It's been nearly two decades since Karen Mantler last released an album under her own name on the XtraWATT label belonging to her similarly coifed mother, pianist/composer Carla Bley
, but she's been anything but idle. Work on Bley albums like Appearing Nightly
(Watt, 2008), recordings by father Michael Mantler
like Folly Seeing All This
(ECM, 1993), and sessions with fellow singer/songwriter Robert Wyatt
have dovetailed with the singer/pianist/harmonicist's collaborations with the Golden Palominos and Hal Wilner, as well as her own Pet Projects
(Virgin, 2000), the final instalment in a series of albums about her cat, that began with My Cat Arnold
(XtraWATT, 1988), Karen Mantler and Her Cat Arnold Get the Flu
(XtraWATT, 1990) and Farewell
(XtraWATT, 1996). All this, along with teaching, busking and other life experiences have made Business is Bad
an album that speaks to the human condition with rare informality, refreshing honesty and a complete lack of naval-gazing, its lighthearted approach to the music seeming, at times, to be paradoxical to the subject matter; still, it remains completely endemic to Mantler's longstanding approach.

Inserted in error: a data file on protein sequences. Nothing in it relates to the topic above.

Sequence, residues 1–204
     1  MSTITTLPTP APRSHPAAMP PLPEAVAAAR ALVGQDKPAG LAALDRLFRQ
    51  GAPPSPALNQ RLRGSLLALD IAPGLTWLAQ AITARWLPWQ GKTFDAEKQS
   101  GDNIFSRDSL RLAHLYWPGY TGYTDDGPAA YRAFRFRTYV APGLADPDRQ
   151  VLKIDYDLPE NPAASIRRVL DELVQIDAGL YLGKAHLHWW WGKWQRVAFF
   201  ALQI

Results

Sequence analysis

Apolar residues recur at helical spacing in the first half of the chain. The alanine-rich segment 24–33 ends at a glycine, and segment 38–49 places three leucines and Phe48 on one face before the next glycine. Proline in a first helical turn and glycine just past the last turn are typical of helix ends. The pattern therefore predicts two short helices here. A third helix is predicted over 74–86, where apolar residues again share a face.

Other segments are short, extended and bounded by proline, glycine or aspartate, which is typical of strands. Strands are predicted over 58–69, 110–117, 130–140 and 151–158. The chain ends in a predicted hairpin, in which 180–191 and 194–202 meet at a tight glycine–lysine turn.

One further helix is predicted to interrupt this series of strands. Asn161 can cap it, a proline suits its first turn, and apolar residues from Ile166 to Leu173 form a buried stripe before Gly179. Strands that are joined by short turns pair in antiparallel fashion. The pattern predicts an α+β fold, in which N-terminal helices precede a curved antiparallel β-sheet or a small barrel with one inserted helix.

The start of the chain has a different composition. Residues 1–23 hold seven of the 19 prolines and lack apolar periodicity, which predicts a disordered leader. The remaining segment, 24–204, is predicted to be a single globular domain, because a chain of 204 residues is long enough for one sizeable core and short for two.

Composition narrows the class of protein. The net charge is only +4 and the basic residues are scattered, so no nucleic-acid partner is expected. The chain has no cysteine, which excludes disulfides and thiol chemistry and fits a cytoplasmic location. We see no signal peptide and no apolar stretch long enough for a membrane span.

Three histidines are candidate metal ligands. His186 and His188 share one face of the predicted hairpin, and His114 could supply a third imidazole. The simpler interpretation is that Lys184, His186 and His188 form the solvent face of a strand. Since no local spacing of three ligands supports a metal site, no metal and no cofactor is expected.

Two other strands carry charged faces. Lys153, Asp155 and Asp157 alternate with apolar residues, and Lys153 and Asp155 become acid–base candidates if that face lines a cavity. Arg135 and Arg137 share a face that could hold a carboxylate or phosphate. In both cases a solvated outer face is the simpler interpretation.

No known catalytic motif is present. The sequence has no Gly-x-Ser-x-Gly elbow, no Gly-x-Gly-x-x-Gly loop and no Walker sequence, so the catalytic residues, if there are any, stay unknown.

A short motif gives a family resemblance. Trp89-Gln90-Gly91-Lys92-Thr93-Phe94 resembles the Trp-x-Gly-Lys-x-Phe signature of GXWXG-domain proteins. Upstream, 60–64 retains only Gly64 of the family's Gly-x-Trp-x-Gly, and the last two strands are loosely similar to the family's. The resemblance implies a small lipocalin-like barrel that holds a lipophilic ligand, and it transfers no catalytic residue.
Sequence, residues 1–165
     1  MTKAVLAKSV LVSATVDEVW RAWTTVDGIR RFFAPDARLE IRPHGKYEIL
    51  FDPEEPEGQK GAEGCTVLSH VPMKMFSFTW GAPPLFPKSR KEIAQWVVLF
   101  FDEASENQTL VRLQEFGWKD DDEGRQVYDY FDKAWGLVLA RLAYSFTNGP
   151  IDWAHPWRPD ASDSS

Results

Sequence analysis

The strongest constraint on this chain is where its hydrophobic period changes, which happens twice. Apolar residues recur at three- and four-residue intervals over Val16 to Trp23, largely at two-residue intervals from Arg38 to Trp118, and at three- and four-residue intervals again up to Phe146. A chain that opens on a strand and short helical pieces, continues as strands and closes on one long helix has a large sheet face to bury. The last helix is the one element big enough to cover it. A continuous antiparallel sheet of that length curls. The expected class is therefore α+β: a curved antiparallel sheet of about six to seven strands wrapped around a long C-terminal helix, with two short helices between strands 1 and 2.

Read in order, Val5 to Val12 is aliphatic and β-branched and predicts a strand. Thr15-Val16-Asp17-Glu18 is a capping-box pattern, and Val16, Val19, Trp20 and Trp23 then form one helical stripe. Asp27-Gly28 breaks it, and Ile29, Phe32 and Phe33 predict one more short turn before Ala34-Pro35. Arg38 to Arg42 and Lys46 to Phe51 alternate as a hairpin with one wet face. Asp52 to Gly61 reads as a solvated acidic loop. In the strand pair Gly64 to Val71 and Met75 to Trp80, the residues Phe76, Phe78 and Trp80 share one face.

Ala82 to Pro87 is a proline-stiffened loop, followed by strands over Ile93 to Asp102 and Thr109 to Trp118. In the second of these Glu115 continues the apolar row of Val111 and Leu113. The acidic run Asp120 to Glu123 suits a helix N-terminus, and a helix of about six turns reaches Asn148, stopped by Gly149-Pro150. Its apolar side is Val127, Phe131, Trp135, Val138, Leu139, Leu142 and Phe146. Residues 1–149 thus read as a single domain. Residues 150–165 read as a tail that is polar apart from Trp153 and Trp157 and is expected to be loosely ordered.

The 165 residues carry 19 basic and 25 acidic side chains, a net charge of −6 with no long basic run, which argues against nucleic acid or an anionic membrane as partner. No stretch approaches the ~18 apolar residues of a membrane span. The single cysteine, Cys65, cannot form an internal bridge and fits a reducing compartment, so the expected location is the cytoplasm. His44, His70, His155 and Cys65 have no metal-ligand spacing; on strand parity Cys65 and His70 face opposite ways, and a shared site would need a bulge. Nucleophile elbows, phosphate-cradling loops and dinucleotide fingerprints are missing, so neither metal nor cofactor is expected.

From hungry street people in New York's Central Park catching and eating everything from squirrels and frogs to ducks and rabbits ("Catch as Catch Can"), dealing with the loss of a friend ("Surviving You") and bill collectors ("Business is Bad"), to bad legal support ("I Can't Afford My Lawyer"), the challenges of bilingualism ("Speak French"), volcanic travel disruptions ("That Damn Volcano") and the trials and tribulations of songwriting ("My Magic Pen"), Business is Bad
is the most intimate album of Mantler's career. Supported only by ex-Lounge Lizards
guitarist/bass clarinetist Doug Wieselman
and, back from Pet Projects
, bassist Kato Hideki, Mantler echoes Robert Wyatt's stream-of-consciousness approach to songwriting, where a song's kernel can run from the tragic to the banal.
Mantler opines about the perils of improvisation on the tango-esque "My Solo," a song of near-haiku lyric brevity:
"Here is a song
that features me
If I had words
I would sing,
not play a solo.
All I can do
is try my best.
Hope I don't get lost.
I find it hard
And yet, at nearly seven minutes, Mantler manages to assuage any qualms about her improvisational capabilities, layering spare harmonica lines over her supporting piano, with Hideki holding down the pulse and Wieseman providing a combination of color, rhythmic support ...and the occasional spartan but impressive solo of his own.
As much as Business is Bad
is about generally unpleasant subjects, Mantler leaves a brief message at the end of the CD booklet that's hopeful: "Business Bad, Music Good." It's a message that she needn't have articulated explicitly; with Mantler's calm, almost detached vocal delivery and music that is often a paradoxically beautiful contrast to the subject at hand, Business is Bad
may, indeed, be about bad things but it feels oh so good.